WorkPac sought declarations that, in the event the Full Federal Court found that Mr Rossato was not a casual employee, it was entitled to restitution of the casual loading which was included in the hourly rate paid to Mr Rossato.
WorkPac submitted that it had paid the casual loading to Mr Rossato because he was a casual employee and if this was found not to be the case, it had, as a result been mistaken about the characterisation of the employment. The effect of allowing Mr Rossato to keep the casual loading paid as a result of this mistake would, it submitted, result in Mr Rossato being unjustly enriched. The Court however found by paying Mr Rossato his contracted hourly rate, there was no relevant mistake
In the alternative, WorkPac sought restitution on the basis that the casual loading formed a distinct and severable part of Mr Rossato’s wages in respect of which there had been a failure of consideration on his part. The Court however found that the hourly rate appeared to be based on WorkPac’s own assessment of the overall amount it had to pay in order to retain Mr Rossato. The casual loading was found to have been “subsumed and lost independent significance,” thus WorkPac did not establish an identifiable severable portion of its payments which could found a claim for restitution.
WorkPac submitted that because it had paid Mr Rossato more than what was required by the terms of the relevant Enterprise Agreement with the intention of not then also providing him any entitlement to annual leave, personal leave or compassionate leave or payment for public holidays, it was, at common law, entitled to “set off” those higher amounts against any entitlement Mr Rossato had to paid leave or payment for public holidays.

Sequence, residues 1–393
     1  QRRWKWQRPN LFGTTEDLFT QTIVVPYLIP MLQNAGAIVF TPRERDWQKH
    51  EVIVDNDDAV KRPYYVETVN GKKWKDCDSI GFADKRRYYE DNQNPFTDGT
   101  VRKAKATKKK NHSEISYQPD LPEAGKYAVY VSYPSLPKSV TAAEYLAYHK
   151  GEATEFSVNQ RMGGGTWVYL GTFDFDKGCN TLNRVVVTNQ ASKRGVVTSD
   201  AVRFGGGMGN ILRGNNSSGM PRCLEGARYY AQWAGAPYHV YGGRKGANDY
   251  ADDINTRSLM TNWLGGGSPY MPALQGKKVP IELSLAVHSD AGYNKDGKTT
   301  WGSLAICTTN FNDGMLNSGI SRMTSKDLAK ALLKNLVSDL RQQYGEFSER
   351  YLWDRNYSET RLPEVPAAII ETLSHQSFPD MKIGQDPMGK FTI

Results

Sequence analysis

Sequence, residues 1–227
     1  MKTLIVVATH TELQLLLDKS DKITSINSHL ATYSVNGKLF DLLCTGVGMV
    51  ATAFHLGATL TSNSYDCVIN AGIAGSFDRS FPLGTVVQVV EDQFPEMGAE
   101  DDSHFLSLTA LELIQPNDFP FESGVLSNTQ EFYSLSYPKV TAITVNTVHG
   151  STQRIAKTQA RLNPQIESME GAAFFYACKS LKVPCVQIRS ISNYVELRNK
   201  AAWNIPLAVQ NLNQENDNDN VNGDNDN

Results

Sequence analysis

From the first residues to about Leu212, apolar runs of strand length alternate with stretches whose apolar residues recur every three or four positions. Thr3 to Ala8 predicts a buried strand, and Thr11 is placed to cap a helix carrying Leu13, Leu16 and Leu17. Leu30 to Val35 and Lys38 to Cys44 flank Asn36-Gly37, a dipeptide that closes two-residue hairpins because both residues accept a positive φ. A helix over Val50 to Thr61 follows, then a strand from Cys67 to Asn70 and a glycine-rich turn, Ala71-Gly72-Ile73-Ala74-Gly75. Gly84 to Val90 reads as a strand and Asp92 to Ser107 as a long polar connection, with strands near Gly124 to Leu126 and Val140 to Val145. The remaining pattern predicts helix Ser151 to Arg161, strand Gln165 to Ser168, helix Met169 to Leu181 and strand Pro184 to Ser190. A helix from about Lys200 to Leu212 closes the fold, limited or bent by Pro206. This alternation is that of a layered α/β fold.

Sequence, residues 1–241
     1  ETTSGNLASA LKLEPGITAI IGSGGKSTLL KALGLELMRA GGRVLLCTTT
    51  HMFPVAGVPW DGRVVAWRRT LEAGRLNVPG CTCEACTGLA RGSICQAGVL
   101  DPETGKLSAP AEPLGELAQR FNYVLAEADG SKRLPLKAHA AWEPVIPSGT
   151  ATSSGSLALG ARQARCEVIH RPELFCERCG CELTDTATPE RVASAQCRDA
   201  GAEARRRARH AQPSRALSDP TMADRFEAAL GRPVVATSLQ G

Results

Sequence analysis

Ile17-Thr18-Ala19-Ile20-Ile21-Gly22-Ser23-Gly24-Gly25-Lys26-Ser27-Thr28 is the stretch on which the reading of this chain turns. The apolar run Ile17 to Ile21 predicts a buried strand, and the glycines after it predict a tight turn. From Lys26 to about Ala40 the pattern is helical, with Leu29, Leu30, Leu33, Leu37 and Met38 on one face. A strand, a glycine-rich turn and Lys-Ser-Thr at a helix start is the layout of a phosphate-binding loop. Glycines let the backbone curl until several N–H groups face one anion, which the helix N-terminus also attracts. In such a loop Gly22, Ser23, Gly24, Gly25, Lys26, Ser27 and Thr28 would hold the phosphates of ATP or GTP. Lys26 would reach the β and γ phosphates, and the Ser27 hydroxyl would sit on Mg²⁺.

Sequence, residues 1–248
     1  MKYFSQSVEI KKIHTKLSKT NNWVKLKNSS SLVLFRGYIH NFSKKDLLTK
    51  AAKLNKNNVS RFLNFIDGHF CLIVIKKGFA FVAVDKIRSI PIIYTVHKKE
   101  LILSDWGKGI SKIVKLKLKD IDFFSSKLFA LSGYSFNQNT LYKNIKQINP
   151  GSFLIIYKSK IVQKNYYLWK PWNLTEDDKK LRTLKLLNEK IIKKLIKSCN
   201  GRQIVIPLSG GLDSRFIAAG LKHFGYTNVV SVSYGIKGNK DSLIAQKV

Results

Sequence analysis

The Court examined each of Mr Rossato’s contracts to consider whether, as is required for either common law or contractual set off, there was a sufficiently close correlation between the agreed purpose of the contractual payments made to Mr Rossato and the nature of the leave obligations. The Court also held that particular NES entitlements were for the taking of leave which meant the entitlement could not be satisfied by substituting the taking of leave with a payment.
Finally WorkPac claimed the amounts paid to Mr Rossato on the basis that he was a casual employee under regulation 2.03A of the Fair Work Regulations 2009 (Cth). Regulation 2.03A was an amendment to the Regulations in 2019 intended to address attempts at “double dipping” by casual employees following the decision in WorkPac v Skene, where Mr Skene’s regular predictable working arrangement was held to demonstrate his status as a permanent employee, despite his contractual terms stating otherwise.
In Rossato, the Court found Regulation 2.03A did not apply because Mr Rossato was not making a claim to be paid an amount “in lieu of” one or more of the relevant NES entitlements, rather Mr Rossato wanted payment of the entitlements conferred by the NES.